Is now a good time to sell?

Tuesday, March 27, 2018

Selling a home can be a stressful process, from choosing an agent to negotiating offers and everything in between. However, before all this begins, one of the most contentious questions for many is choosing the best time to sell.

The reality is that there is no definitive ‘right time’ to sell property as the process is dependent on so many different factors and individual circumstances.

The current market appears to be cooling and week on week, stock levels continue to increase in many parts of the country. CoreLogic recorded a 0.1% decline in national dwelling values in February 2018, however as of the first week of March, we saw 8.39% more stock compared to the same time this year.

The conversations I am having with agents on the ground suggest that this trend is affecting the different markets. For those looking at selling in the coming months, here are a number of important considerations:

Increased competition

Firstly, the level of competition for a vendor’s property is important to consider if looking to sell in the current market.

Both sellers and agents need to carefully determine their pricing strategies as there may be more properties to compete with in certain markets.

An expert real estate agent may be able to advise on the most suitable pricing strategy for your property based on their knowledge of the area and market. However, I encourage vendors to be cautious of agents who may have entered the market in recent years when many properties sold themselves. A good agent will have a strong appreciation of the local market conditions and will be able to advise on an appropriate pricing strategy.  

Prospective vendors should also note that a benefit of an increasingly competitive market is the enhanced ability to sell then buy in the same market. Those wishing to do so may not find it as difficult compared to the past few years, and may also be placed in a better position to negotiate a good price.

Buyer activity

Some prospective vendors may be listening to negative comments about the real estate market and may be sitting on the fence about the decision to sell. It is important to note here that buyer activity is still very strong in many markets. This remains the case even in light of tougher regulations on foreign investors.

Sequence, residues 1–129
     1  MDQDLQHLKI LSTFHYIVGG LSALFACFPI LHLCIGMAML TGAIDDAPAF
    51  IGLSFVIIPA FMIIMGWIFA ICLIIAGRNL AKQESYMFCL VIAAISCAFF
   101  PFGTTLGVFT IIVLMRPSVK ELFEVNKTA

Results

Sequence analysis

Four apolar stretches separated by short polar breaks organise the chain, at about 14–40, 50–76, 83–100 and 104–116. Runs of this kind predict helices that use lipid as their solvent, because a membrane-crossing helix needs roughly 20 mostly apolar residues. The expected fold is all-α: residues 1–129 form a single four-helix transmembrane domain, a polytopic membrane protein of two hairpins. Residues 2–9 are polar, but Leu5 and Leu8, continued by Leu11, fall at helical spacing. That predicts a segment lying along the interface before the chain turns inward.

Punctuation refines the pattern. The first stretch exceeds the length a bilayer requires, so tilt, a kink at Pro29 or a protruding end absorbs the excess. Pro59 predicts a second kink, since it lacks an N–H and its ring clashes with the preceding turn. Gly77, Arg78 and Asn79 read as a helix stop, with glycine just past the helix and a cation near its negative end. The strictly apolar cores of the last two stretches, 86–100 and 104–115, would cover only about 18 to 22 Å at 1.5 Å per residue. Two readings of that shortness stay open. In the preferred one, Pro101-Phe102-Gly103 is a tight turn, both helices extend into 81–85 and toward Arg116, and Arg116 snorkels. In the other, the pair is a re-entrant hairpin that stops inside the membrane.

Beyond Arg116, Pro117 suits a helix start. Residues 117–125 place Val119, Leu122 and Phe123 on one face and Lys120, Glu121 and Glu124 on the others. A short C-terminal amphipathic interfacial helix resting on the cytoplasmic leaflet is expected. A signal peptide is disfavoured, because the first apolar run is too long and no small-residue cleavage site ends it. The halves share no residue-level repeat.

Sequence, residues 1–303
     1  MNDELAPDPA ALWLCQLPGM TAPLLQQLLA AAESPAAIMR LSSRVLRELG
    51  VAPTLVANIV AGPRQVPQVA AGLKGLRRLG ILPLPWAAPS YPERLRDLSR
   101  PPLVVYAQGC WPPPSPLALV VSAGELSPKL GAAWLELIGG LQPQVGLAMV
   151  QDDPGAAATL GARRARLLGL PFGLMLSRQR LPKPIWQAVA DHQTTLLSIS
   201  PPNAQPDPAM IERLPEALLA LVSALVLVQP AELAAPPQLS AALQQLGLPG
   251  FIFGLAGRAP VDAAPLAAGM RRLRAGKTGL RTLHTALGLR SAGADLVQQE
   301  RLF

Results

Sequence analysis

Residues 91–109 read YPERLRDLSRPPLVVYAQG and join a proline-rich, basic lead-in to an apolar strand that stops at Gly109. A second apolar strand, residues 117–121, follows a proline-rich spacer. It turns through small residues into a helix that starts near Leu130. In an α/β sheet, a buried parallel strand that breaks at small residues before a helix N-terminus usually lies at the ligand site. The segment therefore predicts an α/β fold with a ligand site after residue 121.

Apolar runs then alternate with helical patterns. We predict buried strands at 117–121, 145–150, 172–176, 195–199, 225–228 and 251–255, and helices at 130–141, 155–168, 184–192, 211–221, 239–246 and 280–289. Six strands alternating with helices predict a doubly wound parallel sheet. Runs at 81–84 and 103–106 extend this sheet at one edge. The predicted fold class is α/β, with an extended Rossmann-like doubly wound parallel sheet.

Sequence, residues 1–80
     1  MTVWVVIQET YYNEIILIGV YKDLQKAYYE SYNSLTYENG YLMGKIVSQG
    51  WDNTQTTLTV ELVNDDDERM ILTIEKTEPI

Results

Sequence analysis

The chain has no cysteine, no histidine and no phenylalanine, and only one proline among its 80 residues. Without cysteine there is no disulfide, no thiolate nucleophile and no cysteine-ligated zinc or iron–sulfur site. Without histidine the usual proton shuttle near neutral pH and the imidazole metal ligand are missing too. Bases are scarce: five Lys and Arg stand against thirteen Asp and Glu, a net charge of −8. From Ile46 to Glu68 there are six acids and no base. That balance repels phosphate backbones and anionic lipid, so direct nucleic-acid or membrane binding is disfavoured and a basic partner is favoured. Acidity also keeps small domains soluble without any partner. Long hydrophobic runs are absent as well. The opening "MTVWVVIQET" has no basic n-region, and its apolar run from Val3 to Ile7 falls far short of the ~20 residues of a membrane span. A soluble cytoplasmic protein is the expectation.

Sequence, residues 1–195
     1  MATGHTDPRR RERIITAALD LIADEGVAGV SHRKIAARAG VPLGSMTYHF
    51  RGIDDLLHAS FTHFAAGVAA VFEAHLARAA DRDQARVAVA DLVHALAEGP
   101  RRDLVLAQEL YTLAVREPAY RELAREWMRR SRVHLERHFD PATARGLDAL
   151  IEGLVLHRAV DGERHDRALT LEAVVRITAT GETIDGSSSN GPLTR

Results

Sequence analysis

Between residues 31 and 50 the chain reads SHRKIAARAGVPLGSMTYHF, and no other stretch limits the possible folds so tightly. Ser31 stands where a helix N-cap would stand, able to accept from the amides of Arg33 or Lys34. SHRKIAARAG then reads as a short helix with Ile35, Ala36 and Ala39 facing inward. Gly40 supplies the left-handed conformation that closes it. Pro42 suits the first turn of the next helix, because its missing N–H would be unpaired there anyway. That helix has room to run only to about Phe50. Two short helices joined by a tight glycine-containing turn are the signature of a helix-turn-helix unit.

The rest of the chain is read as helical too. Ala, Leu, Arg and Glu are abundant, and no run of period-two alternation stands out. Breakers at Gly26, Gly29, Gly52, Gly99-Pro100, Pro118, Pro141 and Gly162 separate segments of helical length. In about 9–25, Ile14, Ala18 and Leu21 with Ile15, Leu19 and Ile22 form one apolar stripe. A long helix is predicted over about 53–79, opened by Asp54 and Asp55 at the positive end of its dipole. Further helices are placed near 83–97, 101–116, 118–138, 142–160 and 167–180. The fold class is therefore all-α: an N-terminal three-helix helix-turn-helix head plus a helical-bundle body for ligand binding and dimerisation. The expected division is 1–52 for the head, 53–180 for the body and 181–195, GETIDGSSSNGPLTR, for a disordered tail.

Supply

Despite the fact that buyer interest remains quite strong in many markets, thousands of off the plan sales are reaching settlement stage and are due to complete over the next 12 months.

In the Reserve Bank of Australia’s minutes of the March monetary policy meeting, Governor Philip Lowe once again highlighted the considerable additional supply of apartments that is scheduled to come on stream over the next couple of years in in the eastern capital cities.

Vendors will need to pay close attention to this in the coming months, particularly when coupled with already rising levels of supply. Too much supply can drive down prices and make a listing harder to sell.

Regional areas

In recent months, Century 21 noted the growth potential of regional areas and the likelihood of the halo effect continuing to spread out from capital cities. It appears this prediction is ringing true and will likely continue.

Regional dwelling values saw a 0.9 per cent increase over the past three months to February according to CoreLogic, whilst most capital cities have seen moderate declines. Values were higher in the regional areas of all states except for Western Australia. 

Of note, data from the December 2017 quarter reported that the Geelong region recorded the largest annual increase in house values, up 14.6 per cent, while the largest annual increase in unit values was seen across the Illawarra region (12.8 per cent).